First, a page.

I have a synopsis for my project, the characters more or less figured out, and the major building blocks of the world are in place. However, I have no plot (other than a vague "maybe this'll happen" list). But that's going to be part of the fun!
I'm still working on Renewal of Spirit--my Rapunzel retelling--but I'm lacking a bit of...something. Once I figure it out, I'll post more. For now, here's a bit on my Nano project.

Project: Reality of Devotion

Michelakos Blago is a man with a sea captain’s mettle and a poet’s heart. He’ll face the world to provide for his loved ones, but lately he’s been feeling as if the world wants him to let go. It's certainly doing its best to tear his estates from him. He’s currently a respected member of the community and a candidate for the Council of Limta—a rigorous event where the city-states’ laws are decided—but after a witch in training ravages the countryside, things change.

Kallias is shrewd. He's always doing his best to protect his childhood companion, Delara—and asking her to procure valuable items from her mother, the witch Lilith. He wants to undermine the regime that made him a eunuch and drove his mother mad, but that’s hard to do when your only allies are a half-mad woman and a rich sea captain content to meddle only in home affairs. Matters become more complicated when his employer and distant cousin, Michelakos, buys a new slave--a slave who knows Kallias' secrets.

Word goal: I'm going to start with the standard 50K, but I'm hoping to get enough written where I can up the goal partway through.

In other news, I heard this song for the first time. And have been listening to it..."NON-STOP"! XD

Thursday, September 20, 2018

Reblog- Hannah Heath: Head-hopping: What It Is, Why it Sucks, And How To...

Head-hopping is something that bugs me quite a bit. I'm 90% sure it's a major reason I decided to write Trouble in Bookland in close 3rd POV.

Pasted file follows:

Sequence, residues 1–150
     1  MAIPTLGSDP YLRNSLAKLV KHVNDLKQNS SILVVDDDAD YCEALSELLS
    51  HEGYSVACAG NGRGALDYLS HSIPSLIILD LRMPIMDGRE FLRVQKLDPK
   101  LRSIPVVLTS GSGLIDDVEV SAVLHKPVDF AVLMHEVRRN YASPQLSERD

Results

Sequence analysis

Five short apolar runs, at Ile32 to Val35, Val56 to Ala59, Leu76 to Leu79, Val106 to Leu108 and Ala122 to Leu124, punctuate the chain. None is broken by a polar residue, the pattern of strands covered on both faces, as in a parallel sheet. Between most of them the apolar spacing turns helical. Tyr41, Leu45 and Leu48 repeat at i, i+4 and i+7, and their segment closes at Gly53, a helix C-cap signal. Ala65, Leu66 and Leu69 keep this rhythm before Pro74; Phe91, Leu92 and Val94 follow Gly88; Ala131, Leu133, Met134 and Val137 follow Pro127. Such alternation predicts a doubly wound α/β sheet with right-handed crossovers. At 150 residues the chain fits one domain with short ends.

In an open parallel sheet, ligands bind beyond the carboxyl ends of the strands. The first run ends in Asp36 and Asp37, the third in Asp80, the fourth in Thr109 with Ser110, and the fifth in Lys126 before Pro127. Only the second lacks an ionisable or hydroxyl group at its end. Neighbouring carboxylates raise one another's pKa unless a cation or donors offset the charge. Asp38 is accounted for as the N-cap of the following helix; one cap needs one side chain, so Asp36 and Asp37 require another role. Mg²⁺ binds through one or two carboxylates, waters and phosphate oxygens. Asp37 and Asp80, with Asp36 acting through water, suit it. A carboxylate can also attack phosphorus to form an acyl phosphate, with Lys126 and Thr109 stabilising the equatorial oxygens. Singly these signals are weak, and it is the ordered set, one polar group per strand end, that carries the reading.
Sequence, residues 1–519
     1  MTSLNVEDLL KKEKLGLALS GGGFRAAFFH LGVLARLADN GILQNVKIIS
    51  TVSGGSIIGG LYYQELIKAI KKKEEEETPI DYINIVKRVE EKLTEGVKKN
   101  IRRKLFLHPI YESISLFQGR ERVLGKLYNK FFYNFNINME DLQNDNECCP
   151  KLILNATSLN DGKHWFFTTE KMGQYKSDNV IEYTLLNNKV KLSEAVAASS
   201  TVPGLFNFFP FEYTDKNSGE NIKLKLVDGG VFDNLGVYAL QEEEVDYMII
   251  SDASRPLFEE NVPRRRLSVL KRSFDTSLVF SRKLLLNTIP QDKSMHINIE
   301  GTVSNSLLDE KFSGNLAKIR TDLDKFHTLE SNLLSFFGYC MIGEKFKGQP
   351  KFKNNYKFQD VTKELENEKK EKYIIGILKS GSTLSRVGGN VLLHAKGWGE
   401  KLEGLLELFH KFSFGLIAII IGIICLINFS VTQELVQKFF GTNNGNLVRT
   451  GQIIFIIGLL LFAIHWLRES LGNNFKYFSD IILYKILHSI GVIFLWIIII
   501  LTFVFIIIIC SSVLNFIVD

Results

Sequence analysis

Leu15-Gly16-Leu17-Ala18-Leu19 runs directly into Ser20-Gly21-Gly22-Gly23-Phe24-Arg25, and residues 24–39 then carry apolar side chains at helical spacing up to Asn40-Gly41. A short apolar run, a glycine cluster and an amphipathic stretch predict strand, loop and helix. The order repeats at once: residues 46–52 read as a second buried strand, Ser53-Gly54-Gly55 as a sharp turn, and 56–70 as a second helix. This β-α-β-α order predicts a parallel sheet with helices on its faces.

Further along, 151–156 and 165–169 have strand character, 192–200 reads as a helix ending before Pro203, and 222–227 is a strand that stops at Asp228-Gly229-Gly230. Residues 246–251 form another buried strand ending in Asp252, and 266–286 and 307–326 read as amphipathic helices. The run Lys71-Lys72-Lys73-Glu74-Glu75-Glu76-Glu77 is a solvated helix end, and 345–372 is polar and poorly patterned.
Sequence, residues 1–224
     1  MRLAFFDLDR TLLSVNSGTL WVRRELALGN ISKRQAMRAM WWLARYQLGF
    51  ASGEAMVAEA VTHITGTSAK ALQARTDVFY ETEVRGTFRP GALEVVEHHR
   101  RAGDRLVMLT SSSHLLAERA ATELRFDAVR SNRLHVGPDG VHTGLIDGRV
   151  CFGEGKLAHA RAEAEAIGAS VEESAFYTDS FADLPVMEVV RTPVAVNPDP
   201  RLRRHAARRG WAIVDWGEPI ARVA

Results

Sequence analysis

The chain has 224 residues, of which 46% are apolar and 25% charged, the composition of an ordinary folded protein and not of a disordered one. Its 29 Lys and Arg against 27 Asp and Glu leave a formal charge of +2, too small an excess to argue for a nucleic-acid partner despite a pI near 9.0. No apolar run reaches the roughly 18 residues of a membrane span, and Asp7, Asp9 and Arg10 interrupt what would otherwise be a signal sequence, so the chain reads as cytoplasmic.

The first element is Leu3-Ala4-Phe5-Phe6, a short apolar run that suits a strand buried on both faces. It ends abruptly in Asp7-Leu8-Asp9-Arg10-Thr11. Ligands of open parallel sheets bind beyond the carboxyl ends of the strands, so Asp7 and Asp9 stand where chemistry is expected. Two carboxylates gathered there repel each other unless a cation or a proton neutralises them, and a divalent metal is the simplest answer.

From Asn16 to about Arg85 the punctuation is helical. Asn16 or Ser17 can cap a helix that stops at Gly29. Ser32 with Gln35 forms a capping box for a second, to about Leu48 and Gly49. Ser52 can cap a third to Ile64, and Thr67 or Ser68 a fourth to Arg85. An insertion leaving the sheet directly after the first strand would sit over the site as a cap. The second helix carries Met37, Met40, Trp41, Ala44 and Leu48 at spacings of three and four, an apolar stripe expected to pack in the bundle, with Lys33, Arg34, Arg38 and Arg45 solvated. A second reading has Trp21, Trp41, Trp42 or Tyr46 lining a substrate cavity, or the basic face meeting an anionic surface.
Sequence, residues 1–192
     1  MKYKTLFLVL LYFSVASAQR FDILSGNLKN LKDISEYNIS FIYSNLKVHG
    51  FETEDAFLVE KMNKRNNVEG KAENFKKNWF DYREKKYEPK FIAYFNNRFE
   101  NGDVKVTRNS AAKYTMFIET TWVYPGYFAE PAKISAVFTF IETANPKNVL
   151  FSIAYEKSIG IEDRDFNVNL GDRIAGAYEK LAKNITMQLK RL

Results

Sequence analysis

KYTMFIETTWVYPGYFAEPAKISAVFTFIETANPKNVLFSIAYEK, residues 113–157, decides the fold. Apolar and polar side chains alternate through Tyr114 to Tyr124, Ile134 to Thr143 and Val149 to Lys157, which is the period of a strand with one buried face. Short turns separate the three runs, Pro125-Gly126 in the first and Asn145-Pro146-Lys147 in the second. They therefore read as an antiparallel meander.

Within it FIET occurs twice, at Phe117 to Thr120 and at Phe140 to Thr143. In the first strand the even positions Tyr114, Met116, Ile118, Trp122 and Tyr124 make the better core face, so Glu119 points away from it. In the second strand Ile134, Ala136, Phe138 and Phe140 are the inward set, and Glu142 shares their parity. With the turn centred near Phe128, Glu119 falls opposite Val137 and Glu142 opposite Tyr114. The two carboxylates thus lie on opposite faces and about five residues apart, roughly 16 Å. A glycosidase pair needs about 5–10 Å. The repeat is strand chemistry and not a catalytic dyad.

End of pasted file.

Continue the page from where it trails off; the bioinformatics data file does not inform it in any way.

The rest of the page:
Here's a blog post from Hannah Heath that explains just what head-hopping is, and how to avoid it!

Hannah Heath: Head-hopping: What It Is, Why it Sucks, And How To...: I'm going to take a wild guess and say that you don't know what the term "head-hopping" means. And, if you do  know what...

Wednesday, September 19, 2018

Reblog- Knitted by God's Plan: I am not a Hand

I haven't had a lot of time to write new posts lately (though I have done a few things I would like to mention in a near-future post.) So I'm giving a shot at reblogging posts that I liked/found interesting/helpful and such. Some I may offer an explanation, others I may not.

My explanation for this post: I can relate! Especially to this bit:

"Women who look at me and shake their heads because how can I possibly justify just sitting at my computer writing all day.
And sometimes ... I question my salvation because of it. How can I possibly be a Christian if I can't give of myself freely like all of these other women I know and respect?"

Knitted by God's Plan: I am not a Hand: My sister doesn't know how much I envy her. While I managed to inherit all of the talent and IQ ... she was the angel child. She was ...